Biogen in ALS CollaborationBy
Biogen, the ALS Association and Columbia University Medical Center (CUMC) have formed a new collaboration to better understand the differences and commonalities in the amyotrophic lateral sclerosis (ALS), disease process and how genes influence the clinical features of the disease. The project, “Genomic Translation for ALS Clinical care” (GTAC), will involve a combination of genetic sequencing and clinical phenotyping in 1,500 people with ALS. The goal of the project is to provide a basis for the development of precision medicine, or more individually tailored therapies for ALS. ALS is a progressive neurodegenerative disease that affects neurons (nerve cells) in the brain and the spinal cord. Eventually, people with ALS lose the ability to initiate and control muscle movement, which often leads to total paralysis and death within two to five years of diagnosis.
The project is being funded through Biogen's $30 million strategic alliance with CUMC and $3.5 million from the ALS Association. The ALS Association's commitment comes from funds raised directly through the Ice Bucket Challenge.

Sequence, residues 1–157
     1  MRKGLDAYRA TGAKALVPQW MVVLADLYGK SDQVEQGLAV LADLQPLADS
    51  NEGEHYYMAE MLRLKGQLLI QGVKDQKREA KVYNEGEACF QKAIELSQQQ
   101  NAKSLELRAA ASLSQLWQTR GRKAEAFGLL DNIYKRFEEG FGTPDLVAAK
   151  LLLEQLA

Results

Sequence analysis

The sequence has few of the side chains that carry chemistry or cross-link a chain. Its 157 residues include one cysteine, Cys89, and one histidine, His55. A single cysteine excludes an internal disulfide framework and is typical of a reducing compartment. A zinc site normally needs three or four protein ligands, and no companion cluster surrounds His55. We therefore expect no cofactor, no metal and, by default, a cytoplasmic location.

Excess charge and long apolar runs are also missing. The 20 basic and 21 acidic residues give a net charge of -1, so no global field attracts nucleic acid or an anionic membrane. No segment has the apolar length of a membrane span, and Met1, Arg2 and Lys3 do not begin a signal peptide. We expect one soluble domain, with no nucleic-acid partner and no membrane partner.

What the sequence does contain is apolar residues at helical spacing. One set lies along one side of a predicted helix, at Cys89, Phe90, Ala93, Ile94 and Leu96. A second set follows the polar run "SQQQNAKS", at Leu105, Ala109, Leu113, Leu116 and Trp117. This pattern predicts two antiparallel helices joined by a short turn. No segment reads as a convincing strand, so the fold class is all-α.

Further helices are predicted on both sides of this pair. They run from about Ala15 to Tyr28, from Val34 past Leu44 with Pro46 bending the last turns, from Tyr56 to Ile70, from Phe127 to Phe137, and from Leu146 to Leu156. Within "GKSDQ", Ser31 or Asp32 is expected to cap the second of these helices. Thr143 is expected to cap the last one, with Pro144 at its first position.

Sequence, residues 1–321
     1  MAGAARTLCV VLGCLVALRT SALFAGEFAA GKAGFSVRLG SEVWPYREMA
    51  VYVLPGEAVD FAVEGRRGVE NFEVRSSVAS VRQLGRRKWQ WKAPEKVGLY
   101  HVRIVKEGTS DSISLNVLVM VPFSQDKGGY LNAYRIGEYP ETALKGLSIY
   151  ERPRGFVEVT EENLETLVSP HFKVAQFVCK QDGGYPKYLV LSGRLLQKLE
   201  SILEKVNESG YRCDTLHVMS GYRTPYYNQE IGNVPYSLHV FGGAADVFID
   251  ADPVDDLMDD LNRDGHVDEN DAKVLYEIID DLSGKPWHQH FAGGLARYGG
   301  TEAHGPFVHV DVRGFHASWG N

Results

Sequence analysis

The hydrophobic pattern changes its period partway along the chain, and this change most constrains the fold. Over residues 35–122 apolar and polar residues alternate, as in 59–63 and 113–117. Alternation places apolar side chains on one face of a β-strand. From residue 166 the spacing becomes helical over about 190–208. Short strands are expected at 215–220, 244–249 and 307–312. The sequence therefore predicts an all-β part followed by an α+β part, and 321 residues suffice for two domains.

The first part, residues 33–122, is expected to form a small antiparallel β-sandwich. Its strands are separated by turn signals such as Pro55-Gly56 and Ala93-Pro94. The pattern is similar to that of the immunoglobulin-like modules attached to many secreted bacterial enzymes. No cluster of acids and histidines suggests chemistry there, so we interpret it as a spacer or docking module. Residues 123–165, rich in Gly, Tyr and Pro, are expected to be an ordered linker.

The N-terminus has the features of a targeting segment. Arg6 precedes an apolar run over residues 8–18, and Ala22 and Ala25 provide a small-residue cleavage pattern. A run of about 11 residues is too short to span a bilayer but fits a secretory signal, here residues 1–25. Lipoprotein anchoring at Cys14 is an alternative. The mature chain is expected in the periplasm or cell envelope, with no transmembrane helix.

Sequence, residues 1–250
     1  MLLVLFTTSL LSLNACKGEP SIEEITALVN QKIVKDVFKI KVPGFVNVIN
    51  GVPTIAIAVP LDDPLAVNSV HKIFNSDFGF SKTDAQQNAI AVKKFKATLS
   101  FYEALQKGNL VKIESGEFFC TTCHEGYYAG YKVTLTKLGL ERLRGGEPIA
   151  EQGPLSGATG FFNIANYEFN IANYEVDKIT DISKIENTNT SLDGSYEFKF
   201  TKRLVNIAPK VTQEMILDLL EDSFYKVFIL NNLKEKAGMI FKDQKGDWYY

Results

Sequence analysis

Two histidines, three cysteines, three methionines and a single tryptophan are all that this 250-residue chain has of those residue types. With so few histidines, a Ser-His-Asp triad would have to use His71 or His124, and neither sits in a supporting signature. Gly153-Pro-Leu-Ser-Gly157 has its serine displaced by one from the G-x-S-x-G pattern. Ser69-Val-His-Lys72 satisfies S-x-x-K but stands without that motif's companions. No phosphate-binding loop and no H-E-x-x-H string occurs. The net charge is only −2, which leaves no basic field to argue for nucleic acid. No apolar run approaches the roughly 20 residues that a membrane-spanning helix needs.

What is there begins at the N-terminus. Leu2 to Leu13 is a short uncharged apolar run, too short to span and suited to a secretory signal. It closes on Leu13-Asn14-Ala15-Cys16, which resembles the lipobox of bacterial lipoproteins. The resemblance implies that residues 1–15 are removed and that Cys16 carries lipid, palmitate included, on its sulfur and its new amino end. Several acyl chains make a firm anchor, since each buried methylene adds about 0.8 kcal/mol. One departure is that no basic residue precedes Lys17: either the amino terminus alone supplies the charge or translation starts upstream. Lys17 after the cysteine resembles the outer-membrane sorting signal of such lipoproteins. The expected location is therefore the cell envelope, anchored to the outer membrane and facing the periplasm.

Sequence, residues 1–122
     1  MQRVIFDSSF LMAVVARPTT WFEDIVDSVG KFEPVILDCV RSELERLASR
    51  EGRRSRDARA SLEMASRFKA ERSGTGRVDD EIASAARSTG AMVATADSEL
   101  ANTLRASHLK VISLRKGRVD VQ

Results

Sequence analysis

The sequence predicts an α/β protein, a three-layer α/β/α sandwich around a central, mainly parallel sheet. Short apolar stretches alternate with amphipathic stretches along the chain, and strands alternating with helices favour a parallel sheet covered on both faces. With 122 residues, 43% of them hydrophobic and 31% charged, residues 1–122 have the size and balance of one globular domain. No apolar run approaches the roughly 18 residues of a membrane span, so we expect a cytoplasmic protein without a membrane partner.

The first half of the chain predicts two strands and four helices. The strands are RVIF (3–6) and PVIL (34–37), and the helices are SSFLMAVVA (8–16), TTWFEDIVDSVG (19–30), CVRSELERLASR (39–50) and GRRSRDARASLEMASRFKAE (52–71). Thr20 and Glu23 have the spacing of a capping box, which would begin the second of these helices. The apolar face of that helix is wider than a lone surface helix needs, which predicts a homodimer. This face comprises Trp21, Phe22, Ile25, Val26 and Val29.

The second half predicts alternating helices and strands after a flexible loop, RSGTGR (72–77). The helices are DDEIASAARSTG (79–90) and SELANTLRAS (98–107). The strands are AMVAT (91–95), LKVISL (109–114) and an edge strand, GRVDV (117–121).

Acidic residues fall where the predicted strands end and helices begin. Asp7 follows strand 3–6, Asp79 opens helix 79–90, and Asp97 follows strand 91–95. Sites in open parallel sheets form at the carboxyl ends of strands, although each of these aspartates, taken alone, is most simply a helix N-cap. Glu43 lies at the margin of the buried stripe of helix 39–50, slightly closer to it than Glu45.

Under the collaboration, patients’ blood cells will be stored at the Induced Pluripotent Stem Cell (iPSC) Core, a facility supported by the ALS Association, at the Cedars-Sinai Board of Governors Regenerative Medicine Institute. This cell bank will allow researchers to create cell lines for further study, based on leads provided by genome sequencing. Clinical data will be collected and curated through the NeuroBank system at the Massachusetts General Hospital, and cell lines will be developed at Cedars-Sinai in Los Angeles. Currently, participating clinical sites in this effort include the Cedars-Sinai Board of Governors Regenerative Medicine Institute, Columbia University Medical Center, Duke Medical Center, Houston Methodist, the Scotland ALS clinic network, University of Minnesota and Hennepin County Medical Center, University of Utah, University of Washington, and Washington University in St. Louis.